Seeking a vision for West End/Clingman
A charrette is a bit like an election: If you don’t put in your own 2 cents’ worth, you shouldn’t gripe about the outcome. So jump on the cart for the Nov. 10-16 Community Design Workshop and help shape the future of the West End/Clingman Avenue neighborhood (WECAN).”Building a vibrant neighborhood from the inside out is the overarching dream of WECAN,” say members of the local neighborhood association.
The historic neighborhood, linking downtown Asheville with the River District, has the potential to become a model walkable community featuring neighborhood businesses, parks and a diverse range of housing types, according to workshop organizers. The nationally recognized town-planning firm of Correa Valle Valle (CVV) will lead the charrette, which is co-sponsored by WECAN, the city of Asheville and Mountain Housing Opportunities, plus neighborhood businesses and property owners.
The workshop begins Friday, Nov. 10, at 7 p.m., with an introduction by CVV; it continues Saturday and Sunday with “visioning” input sessions; and a public reception and input session is slated for Monday, Nov. 13, 5:30-7:30 p.m. A final presentation is planned for Thursday, Nov. 16, at 7 p.m. All sessions take place at the Haywood Street United Methodist Church, at the corner of Clingman Avenue, Haywood Street and Patton Avenue.
For information about the workshop, call Tamara Calabria, WECAN community design coordinator, at MHO, 254-4030, ext. 22, or send e-mail to email@example.com. For information about CVV, check out the Web site www.urbanism.com.
Hit the ice!
Wiggle your toes, flex your ankles and lace up those skates: The skating rink at the Asheville Civic Center is open for public use on Fridays, Saturdays and Sundays through the holiday season.
“The ice is in terrific condition,” says Civic Center Director David Pisha. “We look forward to an exciting skating season.”
Last year, the rink drew at least 20,000 skating enthusiasts of all ages. And no wonder: It costs a mere $5 for a 90-minute session (and that includes a pair of skates). The rink also offers birthday skating parties, and the Asheville Smoke Hockey Team will lead group lessons on selected Sundays before the noon open sessions. There will also be a free skating clinic on Thursday, Dec. 21, 8-10:45 a.m.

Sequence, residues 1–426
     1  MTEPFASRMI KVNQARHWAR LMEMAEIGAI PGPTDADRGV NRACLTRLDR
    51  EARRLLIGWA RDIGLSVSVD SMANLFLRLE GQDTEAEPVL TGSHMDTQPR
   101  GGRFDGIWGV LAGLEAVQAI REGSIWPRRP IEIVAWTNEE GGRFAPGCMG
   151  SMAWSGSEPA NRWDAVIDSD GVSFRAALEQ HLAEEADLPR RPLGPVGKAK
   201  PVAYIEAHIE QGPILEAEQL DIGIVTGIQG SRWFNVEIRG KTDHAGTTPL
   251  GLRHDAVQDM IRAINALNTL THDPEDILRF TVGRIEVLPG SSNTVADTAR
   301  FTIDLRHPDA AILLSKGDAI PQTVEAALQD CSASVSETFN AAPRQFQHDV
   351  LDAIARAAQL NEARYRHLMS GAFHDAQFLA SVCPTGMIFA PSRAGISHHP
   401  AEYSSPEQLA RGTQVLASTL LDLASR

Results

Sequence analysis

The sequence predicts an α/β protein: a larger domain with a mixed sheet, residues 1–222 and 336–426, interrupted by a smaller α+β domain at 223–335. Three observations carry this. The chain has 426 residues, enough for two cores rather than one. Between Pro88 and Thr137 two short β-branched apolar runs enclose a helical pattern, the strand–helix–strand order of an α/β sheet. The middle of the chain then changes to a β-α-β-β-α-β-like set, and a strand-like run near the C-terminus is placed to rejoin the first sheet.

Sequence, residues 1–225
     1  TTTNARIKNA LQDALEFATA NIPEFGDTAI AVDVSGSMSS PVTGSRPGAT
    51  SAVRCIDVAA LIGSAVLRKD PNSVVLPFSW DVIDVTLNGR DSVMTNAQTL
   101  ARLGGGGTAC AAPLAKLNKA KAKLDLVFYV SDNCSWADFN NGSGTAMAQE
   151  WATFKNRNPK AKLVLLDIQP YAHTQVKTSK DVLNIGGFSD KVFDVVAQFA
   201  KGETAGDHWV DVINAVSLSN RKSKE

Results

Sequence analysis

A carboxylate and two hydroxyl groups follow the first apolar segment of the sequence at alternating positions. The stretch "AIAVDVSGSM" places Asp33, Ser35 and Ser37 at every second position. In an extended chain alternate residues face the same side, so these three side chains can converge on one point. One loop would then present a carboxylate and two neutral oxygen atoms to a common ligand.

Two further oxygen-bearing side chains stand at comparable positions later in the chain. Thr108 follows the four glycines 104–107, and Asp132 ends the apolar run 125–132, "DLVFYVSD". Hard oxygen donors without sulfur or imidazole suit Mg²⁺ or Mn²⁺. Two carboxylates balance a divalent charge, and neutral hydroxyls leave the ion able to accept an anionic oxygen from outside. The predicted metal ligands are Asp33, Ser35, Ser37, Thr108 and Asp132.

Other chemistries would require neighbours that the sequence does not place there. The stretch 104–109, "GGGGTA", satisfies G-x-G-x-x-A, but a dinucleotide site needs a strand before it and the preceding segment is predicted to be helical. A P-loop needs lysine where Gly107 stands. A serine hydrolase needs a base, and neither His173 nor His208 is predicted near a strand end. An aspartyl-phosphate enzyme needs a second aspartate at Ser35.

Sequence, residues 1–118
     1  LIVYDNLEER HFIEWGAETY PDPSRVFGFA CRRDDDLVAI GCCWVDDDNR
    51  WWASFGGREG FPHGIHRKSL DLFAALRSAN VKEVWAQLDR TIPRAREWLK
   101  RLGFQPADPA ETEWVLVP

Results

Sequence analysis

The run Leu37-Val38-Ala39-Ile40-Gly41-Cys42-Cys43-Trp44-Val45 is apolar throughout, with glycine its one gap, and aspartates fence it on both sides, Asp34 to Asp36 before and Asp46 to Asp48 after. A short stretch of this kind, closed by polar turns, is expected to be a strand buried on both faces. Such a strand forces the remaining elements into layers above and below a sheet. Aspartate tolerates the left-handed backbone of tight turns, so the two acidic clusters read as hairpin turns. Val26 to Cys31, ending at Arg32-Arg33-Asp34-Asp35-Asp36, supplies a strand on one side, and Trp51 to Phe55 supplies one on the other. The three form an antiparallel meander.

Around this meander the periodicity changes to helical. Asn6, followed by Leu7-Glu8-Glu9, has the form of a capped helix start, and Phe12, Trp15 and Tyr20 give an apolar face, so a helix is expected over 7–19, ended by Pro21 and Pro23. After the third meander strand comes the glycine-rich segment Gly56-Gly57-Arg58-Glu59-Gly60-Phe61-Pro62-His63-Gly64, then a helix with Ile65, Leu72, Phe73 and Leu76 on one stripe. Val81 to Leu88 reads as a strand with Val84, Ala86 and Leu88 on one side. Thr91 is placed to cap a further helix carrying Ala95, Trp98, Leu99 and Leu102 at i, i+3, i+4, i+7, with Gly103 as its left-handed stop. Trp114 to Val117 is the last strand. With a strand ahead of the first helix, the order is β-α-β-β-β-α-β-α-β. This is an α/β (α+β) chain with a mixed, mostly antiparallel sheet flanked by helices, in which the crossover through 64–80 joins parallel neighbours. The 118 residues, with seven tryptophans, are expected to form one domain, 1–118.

New this year will be noon skating on Fridays.
Tickets go on sale 30 minutes before each session; they fill up fast, so plan to arrive early. Sessions are held at noon, 2 p.m. and 4 p.m. on Fridays and Saturdays; and noon, 2 p.m., 4 p.m. and 6 p.m. most Sundays; 8 p.m. sessions will also be offered on select days in November and December. Concessions are open during public skating, and observers are welcome, free of charge.
For skating schedules, party info, group sales or more information, check the city of Asheville Web site (www.ci.asheville.nc.us) or call 259-5544.
What’s cooking at the Health Adventure
This deal’s better than making mud pies: Kids can actually eat the fruits of their labors at the Health Adventure’s Nov. 10-11 Cooking Capers.
Friday’s 10:30 and 11:30 a.m. programs will give kids ages 3-13 (and their caregivers) some hands-on cooking experience. Activities include pouring, mixing, measuring and spreading — and, of course, eating the treats. On Saturday, Cooking Caper activities will be expanded to include older siblings in the creation of healthy, age-appropriate snacks.
The cost per child is $5 for Health Adventure members, $7 for nonmembers. Caregivers will be admitted free. To register or get more information, call 254-6373, ext. 300.
Speaking of food and The Health Adventure, if you can force yourself to enjoy six courses and four wines — all in the spirit of raising money for the museum — go for it.